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Manipulating the ABCs of self-assembly via low-χ block polymer design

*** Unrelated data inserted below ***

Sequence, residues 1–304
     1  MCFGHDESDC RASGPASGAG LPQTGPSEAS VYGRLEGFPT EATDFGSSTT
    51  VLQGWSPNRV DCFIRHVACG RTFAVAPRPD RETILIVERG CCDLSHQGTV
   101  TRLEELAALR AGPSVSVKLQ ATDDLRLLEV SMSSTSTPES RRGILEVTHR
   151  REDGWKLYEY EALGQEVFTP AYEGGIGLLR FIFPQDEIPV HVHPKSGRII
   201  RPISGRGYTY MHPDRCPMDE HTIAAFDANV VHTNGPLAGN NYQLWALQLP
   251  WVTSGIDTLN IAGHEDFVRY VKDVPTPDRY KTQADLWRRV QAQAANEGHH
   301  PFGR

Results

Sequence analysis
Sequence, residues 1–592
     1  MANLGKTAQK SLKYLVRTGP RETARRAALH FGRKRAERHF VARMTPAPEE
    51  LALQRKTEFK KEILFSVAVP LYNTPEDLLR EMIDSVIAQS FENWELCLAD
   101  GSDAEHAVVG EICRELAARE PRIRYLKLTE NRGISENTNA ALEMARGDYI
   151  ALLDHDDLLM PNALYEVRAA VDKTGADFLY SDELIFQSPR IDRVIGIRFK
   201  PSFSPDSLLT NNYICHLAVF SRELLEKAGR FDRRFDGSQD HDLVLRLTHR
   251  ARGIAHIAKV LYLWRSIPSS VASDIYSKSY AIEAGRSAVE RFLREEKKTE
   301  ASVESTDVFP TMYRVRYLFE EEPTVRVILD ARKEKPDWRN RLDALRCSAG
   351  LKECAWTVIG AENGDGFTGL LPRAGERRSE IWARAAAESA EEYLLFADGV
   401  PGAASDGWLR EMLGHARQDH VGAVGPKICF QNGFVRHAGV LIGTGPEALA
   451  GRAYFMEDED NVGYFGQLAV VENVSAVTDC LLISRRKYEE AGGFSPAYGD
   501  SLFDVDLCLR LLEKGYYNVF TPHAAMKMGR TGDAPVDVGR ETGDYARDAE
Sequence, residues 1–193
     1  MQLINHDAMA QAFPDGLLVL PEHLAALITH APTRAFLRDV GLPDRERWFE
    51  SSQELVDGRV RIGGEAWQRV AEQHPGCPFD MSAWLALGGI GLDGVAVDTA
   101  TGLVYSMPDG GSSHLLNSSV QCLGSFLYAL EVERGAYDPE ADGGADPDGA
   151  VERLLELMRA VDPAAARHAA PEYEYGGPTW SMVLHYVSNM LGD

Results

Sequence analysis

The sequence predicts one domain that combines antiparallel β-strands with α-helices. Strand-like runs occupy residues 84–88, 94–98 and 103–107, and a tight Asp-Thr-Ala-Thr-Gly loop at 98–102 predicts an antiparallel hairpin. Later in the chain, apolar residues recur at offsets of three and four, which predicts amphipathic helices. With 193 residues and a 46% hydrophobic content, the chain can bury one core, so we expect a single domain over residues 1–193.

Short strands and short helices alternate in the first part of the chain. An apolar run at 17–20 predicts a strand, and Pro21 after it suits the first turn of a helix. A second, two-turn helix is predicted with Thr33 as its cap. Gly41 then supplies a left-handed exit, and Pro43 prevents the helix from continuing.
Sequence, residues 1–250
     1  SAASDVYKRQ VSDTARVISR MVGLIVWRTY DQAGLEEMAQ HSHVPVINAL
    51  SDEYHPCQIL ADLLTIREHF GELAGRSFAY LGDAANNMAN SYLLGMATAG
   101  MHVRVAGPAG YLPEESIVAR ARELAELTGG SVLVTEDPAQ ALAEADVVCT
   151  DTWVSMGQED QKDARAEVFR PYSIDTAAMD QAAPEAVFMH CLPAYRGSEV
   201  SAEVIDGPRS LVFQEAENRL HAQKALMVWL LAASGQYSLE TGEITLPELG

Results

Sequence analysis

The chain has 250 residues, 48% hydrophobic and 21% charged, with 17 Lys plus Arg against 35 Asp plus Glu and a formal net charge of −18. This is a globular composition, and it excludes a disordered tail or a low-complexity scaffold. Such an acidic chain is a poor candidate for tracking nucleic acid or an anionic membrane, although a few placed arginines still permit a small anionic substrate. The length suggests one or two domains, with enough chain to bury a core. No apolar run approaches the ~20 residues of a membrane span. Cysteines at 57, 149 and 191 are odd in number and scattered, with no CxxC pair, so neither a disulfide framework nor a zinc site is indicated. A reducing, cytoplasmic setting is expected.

Block polymer self-assembly typically translates molecular chain connectivity into mesoscale structure by exploiting incompatible blocks with large interaction parameters (χij). In this article, we demonstrate that the converse approach, encoding low-χ interactions in ABC bottlebrush triblock terpolymers (χAC [Formula: see text] 0), promotes organization into a unique mixed-domain lamellar morphology, which we designate LAMP Transmission electron microscopy indicates that LAMP exhibits ACBC domain connectivity, in contrast to conventional three-domain lamellae (LAM3) with ABCB periods. Complementary small-angle X-ray scattering experiments reveal a strongly decreasing domain spacing with increasing total molar mass. Self-consistent field theory reinforces these observations and predicts that LAMP is thermodynamically stable below a critical χAC, above which LAM3 emerges. Both experiments and theory expose close analogies to ABA' triblock copolymer phase behavior, collectively suggesting that low-χ interactions between chemically similar or distinct blocks intimately influence self-assembly. These conclusions provide fresh opportunities for block polymer design with potential consequences spanning all self-assembling soft materials.

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